They were all developed in the framework of the FP7/geoland2 project (http://www.gmes-geoland.info), the precursor project of the GMES Land service.

Source: http://www.geoland2.eu/core-mapping-services/biopar.html

Call For Papers: IEEE Signal Processing Society: “Special Issue on Signal and Image Processing in Hyperspectral Remote Sensing”

Aims and Scope

Hyperspectral imaging has recently emerged as one of the very promising technologies in remote sensing, enabling applications that may have been previously seen as impossible in multispectral imaging. Hyperspectral cameras deployed in current airborne or satellite systems can cover the visible and near-infrared wavelengths at a resolution of 10nm, with more than 200 spectral channels. This vastly increased spectral information content creates a unique opportunity for numerous applications, such as mineral identification, agriculture, environment monitoring, terrain classification, object detection, change detection, and many more. Hyperspectral imaging is also a key technique for planetary exploration, astrophysics, and non-remote sensing problems such as food inspection and forensics. Remarkably, these meaningful and important applications have led to a wide variety of signal processing problems, which have attracted growing attention and contributions from the signal processing, image processing and machine learning communities. In particular, we have witnessed developments that are far from being just a straight application of a signal processing technique. Instead, some of them turn out to provide new insights and open new dimensions for fundamental signal processing research. For example, it has recently become clear that the unmixing topic in hyperspectral remote sensing has formed a new branch of blind source separation techniques, wherein the exploitation of special source characteristics, such as local sparsity, has been found to provide very effective blind separation solutions. The same goes with the classification and detection topics, where the utilization of contextual information or combined spatial-spectral processing has resulted in new paradigms. Moreover, the recent research trend indicates that hyperspectral signal and image processing is embracing frontier signal processing concepts very quickly—this includes sparse signal processing, compressive sensing, and convex and nonconvex optimization, just to name a few.

The aim of this special issue is to gather high-quality tutorial-style articles that introduce key signal processing topics arising from hyperspectral remote sensing, demonstrate the insight and uniqueness of signal processing techniques established in this area, and/or provide overviews of the latest trends. In particular, we wish to shift the perspective from the remote sensing side to signal processing, and extract insight behind the signal processing developments happening in hyperspectral remote sensing. While this is the focus of this special issue, we may also welcome application-oriented papers that can tell a good story regarding how signal processing makes a difference.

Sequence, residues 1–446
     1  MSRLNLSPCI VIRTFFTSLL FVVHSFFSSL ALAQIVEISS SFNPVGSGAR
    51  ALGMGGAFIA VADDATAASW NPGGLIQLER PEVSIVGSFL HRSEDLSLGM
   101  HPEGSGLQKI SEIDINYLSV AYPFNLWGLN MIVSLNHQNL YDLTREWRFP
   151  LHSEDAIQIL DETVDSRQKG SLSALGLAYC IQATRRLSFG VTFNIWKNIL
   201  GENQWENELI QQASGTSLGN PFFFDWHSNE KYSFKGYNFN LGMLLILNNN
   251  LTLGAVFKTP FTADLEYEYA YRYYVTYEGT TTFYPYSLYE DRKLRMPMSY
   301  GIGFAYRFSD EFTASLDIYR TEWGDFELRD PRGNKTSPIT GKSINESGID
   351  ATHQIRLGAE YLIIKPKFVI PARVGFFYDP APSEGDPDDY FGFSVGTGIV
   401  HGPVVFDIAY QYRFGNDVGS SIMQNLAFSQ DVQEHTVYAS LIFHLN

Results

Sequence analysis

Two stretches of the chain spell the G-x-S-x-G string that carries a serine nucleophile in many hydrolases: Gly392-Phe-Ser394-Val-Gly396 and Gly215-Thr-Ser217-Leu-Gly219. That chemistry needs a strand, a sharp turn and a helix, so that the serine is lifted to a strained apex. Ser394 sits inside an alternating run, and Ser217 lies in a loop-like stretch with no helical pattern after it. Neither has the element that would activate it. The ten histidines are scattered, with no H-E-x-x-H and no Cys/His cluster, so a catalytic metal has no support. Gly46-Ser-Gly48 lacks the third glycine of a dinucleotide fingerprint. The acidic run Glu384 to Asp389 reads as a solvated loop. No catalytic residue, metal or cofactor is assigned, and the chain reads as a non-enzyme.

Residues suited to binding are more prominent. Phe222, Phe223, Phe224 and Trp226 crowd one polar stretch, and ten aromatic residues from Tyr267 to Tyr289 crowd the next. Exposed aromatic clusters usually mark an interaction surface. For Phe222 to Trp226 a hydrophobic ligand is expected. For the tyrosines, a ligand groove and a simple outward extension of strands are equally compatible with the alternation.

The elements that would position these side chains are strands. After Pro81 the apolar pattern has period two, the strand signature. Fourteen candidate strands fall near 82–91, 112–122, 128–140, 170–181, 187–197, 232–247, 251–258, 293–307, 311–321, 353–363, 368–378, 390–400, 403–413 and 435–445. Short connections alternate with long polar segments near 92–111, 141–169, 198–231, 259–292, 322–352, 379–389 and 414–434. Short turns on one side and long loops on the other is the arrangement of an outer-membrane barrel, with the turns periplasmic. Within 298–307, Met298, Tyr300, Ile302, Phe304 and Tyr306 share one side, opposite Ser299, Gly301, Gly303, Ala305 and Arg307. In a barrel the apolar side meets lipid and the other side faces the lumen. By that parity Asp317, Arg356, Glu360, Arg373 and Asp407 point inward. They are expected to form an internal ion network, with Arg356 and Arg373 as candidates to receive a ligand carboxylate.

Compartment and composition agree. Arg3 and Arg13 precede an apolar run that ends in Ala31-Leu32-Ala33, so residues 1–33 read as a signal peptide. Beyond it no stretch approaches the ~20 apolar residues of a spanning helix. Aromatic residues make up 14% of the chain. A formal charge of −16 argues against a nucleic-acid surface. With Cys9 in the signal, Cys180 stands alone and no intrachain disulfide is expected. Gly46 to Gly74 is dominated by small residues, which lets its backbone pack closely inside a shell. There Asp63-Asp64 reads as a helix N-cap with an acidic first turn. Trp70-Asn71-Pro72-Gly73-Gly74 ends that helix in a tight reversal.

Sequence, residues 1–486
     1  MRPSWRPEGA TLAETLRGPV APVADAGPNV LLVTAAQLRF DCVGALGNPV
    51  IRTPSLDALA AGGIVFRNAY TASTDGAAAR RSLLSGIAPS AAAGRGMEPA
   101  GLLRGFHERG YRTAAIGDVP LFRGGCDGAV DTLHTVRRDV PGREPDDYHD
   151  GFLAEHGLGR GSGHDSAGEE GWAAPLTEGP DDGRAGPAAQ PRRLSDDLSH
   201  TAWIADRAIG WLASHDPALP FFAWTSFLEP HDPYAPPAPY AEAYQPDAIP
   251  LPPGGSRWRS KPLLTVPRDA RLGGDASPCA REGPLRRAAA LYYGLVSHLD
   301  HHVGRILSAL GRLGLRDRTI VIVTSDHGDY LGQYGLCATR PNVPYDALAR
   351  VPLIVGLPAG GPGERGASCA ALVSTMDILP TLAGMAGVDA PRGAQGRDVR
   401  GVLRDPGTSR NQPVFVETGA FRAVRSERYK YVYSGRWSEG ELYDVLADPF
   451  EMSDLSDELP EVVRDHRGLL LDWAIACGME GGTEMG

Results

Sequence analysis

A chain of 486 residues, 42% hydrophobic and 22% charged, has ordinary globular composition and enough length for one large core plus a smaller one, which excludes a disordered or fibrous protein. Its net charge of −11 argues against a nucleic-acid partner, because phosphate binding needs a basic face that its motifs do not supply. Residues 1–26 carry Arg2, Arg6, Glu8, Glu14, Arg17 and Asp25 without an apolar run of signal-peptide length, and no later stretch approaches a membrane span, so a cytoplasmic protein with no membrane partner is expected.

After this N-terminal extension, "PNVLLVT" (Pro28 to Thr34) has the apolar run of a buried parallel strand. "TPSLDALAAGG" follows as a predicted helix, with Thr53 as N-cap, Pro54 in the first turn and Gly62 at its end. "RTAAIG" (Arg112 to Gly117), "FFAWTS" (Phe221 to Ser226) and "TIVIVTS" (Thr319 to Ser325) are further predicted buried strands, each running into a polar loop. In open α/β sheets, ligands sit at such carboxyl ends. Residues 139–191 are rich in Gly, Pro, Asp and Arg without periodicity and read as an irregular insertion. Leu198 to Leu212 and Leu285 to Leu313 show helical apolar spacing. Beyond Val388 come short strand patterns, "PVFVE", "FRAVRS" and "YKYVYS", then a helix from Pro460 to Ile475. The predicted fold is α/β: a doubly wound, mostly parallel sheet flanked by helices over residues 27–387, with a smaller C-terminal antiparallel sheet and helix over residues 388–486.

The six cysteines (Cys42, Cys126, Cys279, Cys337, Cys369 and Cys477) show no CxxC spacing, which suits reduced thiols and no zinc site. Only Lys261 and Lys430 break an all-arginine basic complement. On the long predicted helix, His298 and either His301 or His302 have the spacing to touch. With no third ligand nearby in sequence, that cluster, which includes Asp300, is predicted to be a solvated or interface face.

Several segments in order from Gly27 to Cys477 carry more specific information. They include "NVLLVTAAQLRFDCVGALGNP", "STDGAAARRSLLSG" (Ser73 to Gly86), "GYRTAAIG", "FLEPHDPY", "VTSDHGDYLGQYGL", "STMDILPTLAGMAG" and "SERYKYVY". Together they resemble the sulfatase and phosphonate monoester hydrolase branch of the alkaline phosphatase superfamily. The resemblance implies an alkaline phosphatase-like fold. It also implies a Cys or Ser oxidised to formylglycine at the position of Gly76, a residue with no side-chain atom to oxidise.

Topics of Interest include (but are not limited to):

  • unmixing, both linear and nonlinear, and both semisupervised and unsupervised
  • classification
  • target or anomaly detection at a subpixel level
  • coded aperture and compressive sensing
  • sparse signal processing, which includes sparse regression, dictionary learning, multiple measurement vector models, etc
  • convex and nonconvex optimization
  • contextual information or combined spatial-spectral processing
  • Bayesian and statistical signal processing
  • nonlinear manifold learning, graph theoretic methods
  • dimension reduction, subspace identification, non-negative matrix factorization

Submission Process

Articles submitted to this special issue must contain significant relevance to signal processing and its application to hyperspectral remote sensing. All submissions will be peer reviewed according to the IEEE and Signal Processing Society guidelines. Submitted articles should not have been published or under review elsewhere. Manuscripts should be submitted online at http://mc.manuscriptcentral.com/sps-ieee using the Manuscript Central interface.

Submissions to this special issue of the IEEE SIGNAL PROCESSING MAGAZINE should have significant tutorial value. Prospective authors should consult the site http://www.signalprocessingsociety.org/publications/periodicals/spm/ for guidelines and information on paper submission.

Important Dates

Tentative Schedule
White paper (4 pages) due December 9, 2012
Invitation notification January 3, 2013
Manuscript submission due March 22, 2013
Acceptance notification June 15, 2013
Final manuscript due August 18, 2013 (strict)
Final Publication January 2014

Source:

http://www.lx.it.pt/~bioucas/files/SPM_hyperspectral_2012.pdf

One month free access to paper – International Journal of Digital Earth

The full paper entitled “Global characterization and monitoring of forest cover using Landsat data: opportunities and challenges” published at the International Journal of Digital Earth is free to download via the following link, until the end of this November.

 http://www.tandfonline.com/doi/full/10.1080/17538947.2012.713190

Abstract

The compilation of global Landsat data-sets and the ever-lowering costs of computing now make it feasible to monitor the Earth’s land cover at Landsat resolutions of 30 m. In this article, we describe the methods to create global products of forest cover and cover change at Landsat resolutions. Nevertheless, there are many challenges in ensuring the creation of high-quality products. And we propose various ways in which the challenges can be overcome. Among the challenges are the need for atmospheric correction, incorrect calibration coefficients in some of the data-sets, the different phenologies between compilations, the need for terrain correction, the lack of consistent reference data for training and accuracy assessment, and the need for highly automated characterization and change detection. We propose and evaluate the creation and use of surface reflectance products, improved selection of scenes to reduce phenological differences, terrain illumination correction, automated training selection, and the use of information extraction procedures robust to errors in training data along with several other issues. At several stages we use Moderate Resolution Spectroradiometer data and products to assist our analysis. A global working prototype product of forest cover and forest cover change is included.

Corresponding Author:  Dr. John R. Townshend, Maryland University,

Source:

http://www.tandfonline.com/doi/full/10.1080/17538947.2012.713190